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UK government plan to sell of TV’s Channel 4 draws criticism

LONDON (AP) – The British government faced a backlash from opponents and the television industry yesterday over plans to sell publicly-owned broadcaster Channel 4.

The Conservative government said privatising the channel would help it compete with streaming services and “thrive in the face of a rapidly-changing media landscape.”

Culture Secretary Nadine Dorries said on Twitter that government ownership was “holding Channel 4 back from competing against streaming giants like Netflix and Amazon.”

But critics said privatisation will wreck a channel that has backed acclaimed shows such as Black Mirror and Derry Girls, as well as highly regarded news and documentary programmes.

Channel 4 was founded in 1982 to make programmes for audiences under-served by existing broadcasters. It is owned by the government, but funded through advertising.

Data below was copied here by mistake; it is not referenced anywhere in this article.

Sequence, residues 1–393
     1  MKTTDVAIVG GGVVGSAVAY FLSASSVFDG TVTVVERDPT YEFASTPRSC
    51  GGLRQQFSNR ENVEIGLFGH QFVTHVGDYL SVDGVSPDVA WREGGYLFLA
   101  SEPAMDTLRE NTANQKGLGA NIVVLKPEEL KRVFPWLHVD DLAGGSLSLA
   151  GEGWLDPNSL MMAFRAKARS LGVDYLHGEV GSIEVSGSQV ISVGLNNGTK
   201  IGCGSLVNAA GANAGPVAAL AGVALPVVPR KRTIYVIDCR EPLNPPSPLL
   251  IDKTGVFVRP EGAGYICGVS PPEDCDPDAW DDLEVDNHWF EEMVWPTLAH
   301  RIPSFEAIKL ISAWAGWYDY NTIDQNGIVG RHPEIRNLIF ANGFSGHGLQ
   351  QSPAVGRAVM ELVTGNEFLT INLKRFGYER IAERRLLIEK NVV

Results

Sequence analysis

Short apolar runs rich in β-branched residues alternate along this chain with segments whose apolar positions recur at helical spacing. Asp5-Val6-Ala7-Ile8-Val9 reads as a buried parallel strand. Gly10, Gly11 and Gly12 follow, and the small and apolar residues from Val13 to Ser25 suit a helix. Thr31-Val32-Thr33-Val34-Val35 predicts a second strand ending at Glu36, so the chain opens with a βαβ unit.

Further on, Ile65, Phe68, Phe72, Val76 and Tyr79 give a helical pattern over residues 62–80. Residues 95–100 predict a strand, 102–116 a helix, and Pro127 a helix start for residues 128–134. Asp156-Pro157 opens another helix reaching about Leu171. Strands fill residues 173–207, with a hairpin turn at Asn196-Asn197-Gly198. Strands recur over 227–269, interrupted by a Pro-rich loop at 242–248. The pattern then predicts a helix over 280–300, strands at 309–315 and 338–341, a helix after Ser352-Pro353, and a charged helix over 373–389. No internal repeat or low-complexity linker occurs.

The broadcaster said it was disappointed by the government’s decision, saying it had been made without “recognising the significant public interest concerns which have been raised.”

Unions and industry groups also criticised the decision. Chief Executive of Pact John McVay, a trade body for independent production companies, said Channel 4’s programmes are made by independent producers around the UK, and selling it “risks reducing the opportunities for independent producers, and reducing the amount of programming commissioned outside London.”

General view at the entrance of the Channel 4 Headquarters in London. PHOTO: AP
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